I've never asked my brother who he votes for, but I'd hazard a guess it's Liberal. Probably because "that's who mum and dad voted for and they must be right".  He doesn't think about politics too much, bless him.  As long as he has a roof over his head, three meals a day, his kids have what they need and he can play cricket each summer, he's not overly bothered with the rest of the world. Sometimes I wish I wasn't so invested in the world around me and could live a simple life like that.

Anyway.  When Brutha and I got to voting age, our parents never sat down and talked to us about how to decide who to vote for. We were never encouraged to investigate the policies of each party and decide which one most closely mirrored our own morals and viewpoints. In fact, the only thing I remember being told before I went to cast my first vote in a Federal election was something along the lines of "That Keating's a nasty bloke, don't vote for him". 

(My memory's a bit hazy, but I'm fairly sure I voted for the Democrats the first time I ever voted. I have a feeling it was because the mother of one of my school mates (and wife of one of our teachers) was the leader of the party and I really liked her stance on things.)

The Australian political system is in a bit of a mess right now.  You've seen the news, you read the internet - you know what's going on. I have many views on the whole thing and there's not enough time in the world to go into detail on all of them, so I'll just focus on one odd comment I received this evening via Facebook.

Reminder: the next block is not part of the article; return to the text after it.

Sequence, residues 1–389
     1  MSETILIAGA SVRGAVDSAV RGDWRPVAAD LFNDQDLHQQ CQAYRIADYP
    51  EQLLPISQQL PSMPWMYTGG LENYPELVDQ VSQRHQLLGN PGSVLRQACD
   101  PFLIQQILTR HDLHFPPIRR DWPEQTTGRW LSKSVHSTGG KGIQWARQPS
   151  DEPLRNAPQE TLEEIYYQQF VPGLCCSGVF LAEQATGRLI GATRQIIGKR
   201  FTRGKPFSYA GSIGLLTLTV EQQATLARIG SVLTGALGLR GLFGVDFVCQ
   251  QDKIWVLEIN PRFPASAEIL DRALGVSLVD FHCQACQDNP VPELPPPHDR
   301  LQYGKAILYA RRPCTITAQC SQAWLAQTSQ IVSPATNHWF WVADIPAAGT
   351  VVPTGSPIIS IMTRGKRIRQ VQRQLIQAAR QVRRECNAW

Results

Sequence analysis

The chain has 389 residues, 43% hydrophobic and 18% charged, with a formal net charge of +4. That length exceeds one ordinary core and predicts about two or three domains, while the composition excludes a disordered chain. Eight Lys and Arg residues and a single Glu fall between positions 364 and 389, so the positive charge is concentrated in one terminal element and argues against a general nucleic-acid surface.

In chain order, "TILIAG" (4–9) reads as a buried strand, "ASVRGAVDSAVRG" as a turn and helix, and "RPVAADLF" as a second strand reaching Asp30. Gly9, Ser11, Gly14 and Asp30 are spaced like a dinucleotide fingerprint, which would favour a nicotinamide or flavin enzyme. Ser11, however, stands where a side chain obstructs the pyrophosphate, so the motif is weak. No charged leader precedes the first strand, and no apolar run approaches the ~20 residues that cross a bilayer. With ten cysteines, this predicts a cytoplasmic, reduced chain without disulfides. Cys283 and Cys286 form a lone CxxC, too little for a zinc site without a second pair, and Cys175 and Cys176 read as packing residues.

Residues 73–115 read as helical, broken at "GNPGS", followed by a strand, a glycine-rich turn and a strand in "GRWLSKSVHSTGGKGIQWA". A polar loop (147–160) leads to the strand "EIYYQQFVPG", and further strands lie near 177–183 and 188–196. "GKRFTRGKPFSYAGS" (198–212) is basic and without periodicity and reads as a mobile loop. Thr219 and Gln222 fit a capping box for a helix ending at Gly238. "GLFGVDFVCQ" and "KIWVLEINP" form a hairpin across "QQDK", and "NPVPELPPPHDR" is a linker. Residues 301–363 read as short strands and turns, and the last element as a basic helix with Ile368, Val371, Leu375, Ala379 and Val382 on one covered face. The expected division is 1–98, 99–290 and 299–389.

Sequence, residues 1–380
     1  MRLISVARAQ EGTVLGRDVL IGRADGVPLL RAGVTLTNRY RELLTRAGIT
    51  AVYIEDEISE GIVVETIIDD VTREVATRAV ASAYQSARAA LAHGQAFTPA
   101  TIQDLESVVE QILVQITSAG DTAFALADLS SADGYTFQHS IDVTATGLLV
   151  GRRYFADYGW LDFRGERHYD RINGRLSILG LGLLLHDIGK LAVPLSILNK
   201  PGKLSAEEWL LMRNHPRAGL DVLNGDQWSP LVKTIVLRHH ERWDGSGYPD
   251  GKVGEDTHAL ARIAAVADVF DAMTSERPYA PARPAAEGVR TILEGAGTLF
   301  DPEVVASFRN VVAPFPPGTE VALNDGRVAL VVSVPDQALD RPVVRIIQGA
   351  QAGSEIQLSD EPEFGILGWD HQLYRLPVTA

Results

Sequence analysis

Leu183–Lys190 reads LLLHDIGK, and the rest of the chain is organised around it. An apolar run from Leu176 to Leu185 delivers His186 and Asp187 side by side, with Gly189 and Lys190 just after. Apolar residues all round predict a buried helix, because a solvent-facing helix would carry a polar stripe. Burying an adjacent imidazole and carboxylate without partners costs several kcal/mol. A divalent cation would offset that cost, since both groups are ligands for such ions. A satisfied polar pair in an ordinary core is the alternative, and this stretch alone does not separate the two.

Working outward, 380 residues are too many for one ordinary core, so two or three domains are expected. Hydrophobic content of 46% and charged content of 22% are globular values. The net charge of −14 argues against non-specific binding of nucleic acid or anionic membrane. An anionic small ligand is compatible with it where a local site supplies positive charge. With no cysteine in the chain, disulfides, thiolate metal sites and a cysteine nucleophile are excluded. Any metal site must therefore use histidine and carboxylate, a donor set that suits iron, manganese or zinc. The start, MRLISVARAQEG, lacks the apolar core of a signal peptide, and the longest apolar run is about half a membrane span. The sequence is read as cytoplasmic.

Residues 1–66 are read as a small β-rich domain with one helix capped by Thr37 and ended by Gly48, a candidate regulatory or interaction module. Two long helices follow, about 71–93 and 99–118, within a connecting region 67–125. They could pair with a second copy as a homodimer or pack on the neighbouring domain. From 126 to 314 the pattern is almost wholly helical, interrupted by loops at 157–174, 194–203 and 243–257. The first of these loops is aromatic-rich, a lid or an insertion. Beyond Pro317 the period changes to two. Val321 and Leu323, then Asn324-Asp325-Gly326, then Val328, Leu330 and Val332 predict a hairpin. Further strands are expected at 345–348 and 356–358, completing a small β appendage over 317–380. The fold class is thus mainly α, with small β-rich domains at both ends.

You see, the more investigation I do into which party I will vote for at the upcoming election, the more I am impressed by the clear, straightforward policies put forward by the Greens.  Right at this point in time, they're getting my vote and I doubt that will change. Education, climate change, affordable health care, equal rights, marriage equality, human rights/refugees - they have clear policies on all these topics and I agree with them all.

But then someone said to me: "Why would you bother voting for the Greens? They won't have enough to get into power... it's a wasted vote". 

It's not the first time I've heard this - indeed it's an argument my parents used on me when I first started voting.  That my choice should (preferably) be Liberal, but if not, it should be Labor, because voting Greens or Democrats or Independent would be a "wasted" vote.

My response to my parents, as it was again tonight is: "Why not?".

What if NO ONE voted for Labor or Liberal and instead EVERYBODY voted for the Greens? What would happen?  So many people are so deeply entrenched in this "it's either Labor or Liberal - there's no other choice" viewpoint that they just don't even bother to think outside the square.  It's entirely possible that if enough people voted for the Greens, they'd hold a lot more power and a lot more would be achieved in areas that so clearly need it.

What I'd really like to see, come September 14 (if that date stays - who knows with tonight's change of leadership), is for everyone to think outside the box and say "What if?". What if I give my vote to the most deserving party for their clear, rational policies, rather than the party I think is most likely to win anyway?".

But I fear, as a nation, we're not that evolved yet. Certainly we're not nearly evolved as we should be when it comes to equal rights.

But never forget..


"Never doubt that a small group of thoughtful, committed citizens can change the world. Indeed, it is the only thing that ever has." 
~ Margaret Mead